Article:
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Im going to assume it has a built in check valve as well.
 

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Discussion Starter #12
The drain back check valve? I thought those were built into the canister. I just know the walbro pumps a lot more that it fills up the line faster than a stock pump hence no issue with the starting.
I no longer have a stock pump, but IIRC the 2J pump was listed as having a check valve in it, and looking through the outlet, it appears that it does. on the stock canister, there is a pressure regulator, but I found no check valves, nor are there any on either of the aftermarket canisters I have inspected. I will try to remember to check my other 2J pump and maybe get pictures this afternoon when I get home from work. I also have the pumps that came with the two canisters, I will check them as well
 

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Discussion Starter #13
Should also note, if it matters, the reason for the hard starting was fuel draining back through the fuel pump into the tank, as there is no place else for it to go, and there is no check valve in the stock system. Heat and evaporation (possibly boiling, due to engine temps) of the fuel in the rail and lines would create "pockets" that would react the same as air in the fuel lines. In a stock(ish) system, with a check valve in the pump itself, the worst that could happen, is the fuel in the line heats up, and excess pressure bleeds off thru the regulator. Since everyone knows that if a system is pressurized, it also raises the boiling point of liquids, that it effectively eliminates the problem of the infamous Sentra hard start.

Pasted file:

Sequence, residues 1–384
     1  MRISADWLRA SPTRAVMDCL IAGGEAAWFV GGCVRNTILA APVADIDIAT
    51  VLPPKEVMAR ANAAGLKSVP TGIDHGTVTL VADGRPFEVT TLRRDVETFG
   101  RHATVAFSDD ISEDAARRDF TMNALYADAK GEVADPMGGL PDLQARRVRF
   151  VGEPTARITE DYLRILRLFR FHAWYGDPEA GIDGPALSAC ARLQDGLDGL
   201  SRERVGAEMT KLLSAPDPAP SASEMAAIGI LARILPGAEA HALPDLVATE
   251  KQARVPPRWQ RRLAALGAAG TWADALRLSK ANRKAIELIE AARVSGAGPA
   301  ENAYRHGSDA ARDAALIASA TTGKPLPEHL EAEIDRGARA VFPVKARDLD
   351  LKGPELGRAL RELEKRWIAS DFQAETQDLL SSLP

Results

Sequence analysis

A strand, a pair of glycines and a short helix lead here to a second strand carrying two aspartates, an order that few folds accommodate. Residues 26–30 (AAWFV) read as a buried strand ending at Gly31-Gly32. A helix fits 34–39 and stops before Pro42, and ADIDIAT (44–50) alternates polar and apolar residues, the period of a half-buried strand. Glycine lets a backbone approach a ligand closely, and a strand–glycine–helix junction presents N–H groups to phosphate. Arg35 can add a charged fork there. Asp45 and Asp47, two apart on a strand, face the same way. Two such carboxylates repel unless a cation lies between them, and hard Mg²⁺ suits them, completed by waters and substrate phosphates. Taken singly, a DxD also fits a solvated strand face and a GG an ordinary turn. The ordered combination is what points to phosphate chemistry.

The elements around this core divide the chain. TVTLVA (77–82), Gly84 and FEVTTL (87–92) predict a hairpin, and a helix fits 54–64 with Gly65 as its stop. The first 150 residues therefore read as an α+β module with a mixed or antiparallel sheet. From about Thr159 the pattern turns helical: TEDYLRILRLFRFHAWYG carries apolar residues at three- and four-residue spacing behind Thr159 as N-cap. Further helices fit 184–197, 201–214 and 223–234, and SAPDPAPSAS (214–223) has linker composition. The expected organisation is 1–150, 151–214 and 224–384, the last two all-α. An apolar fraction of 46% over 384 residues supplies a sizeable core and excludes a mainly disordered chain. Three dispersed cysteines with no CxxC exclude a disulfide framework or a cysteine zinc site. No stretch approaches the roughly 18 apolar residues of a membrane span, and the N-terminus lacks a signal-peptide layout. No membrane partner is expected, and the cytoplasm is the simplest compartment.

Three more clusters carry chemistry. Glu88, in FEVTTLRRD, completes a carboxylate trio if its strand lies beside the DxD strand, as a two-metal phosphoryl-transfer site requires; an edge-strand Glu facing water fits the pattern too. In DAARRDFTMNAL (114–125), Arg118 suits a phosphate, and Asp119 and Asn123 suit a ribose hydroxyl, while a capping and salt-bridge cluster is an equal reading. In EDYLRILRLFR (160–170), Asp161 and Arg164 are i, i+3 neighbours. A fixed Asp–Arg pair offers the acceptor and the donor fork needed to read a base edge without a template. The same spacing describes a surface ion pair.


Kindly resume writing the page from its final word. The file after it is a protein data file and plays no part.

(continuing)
Those are my guesses on what caused it, why installing a check valve in the system near the fuel rail, worked to eliminate it, and moving a check valve to the pump outlet does the same thing.
 

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Thats interesting I didnt know 2j pumps came with a built in check valve. Ill have to check my no name one. Ive only ever seen them external in the canister or in line. I would prefer the check valve to be as close to the pump as possible myself. Im guessing they dont offer a quick connect under hood because it would be too complicated to fit anywhere without modding. Also the fact that fuel could still drain back into the tank before the valve if the valve is further away. It should keep pressure, not hold vacuum. I come across the hard start probly 20% of the time and I hate it.

Come to think of it I dont remember seeing on any updated Nissan canister so Im guessing that is also build into the pump.. for $270...
 

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Discussion Starter #16 (Edited)
I can confirm the check valve is in the pump, I did this in two ways, the ol 'wrap your lips around it and suck and blow', and, being the well adjusted individual I am, I tore the outlet apart on one of the cheap units to see how it was put together... I used the ol BFFI method of doing this, broke the outlet tube off and ripped it apart!!

side note, it appears that all of these pumps have check valves, even the cheap ones. must have been an 'improvement' that was recommended across the board.

20180524_163342.jpg

20180524_163208.jpg

so yeah, I tore up a brand new stock fuel pump, just to verify the check valve...
told you I was a well adjusted individual...
 

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to review,
seems we can produce a relatively, inexpensive, maintainable , reliable, adequate, fuel system
for up to 360hp and 16-18lb boost [proven]

more frequently changeable fuel canisters
due to lower price
allows more frequent filter changes and an updated regulator

we have "slip in" with no mods, upgraded, higher volume capacity, pumps with check valves

and now the possibility of a high G fuel pick up


yielding a no return system
far better than the original

imo


Thanks again for raising the subject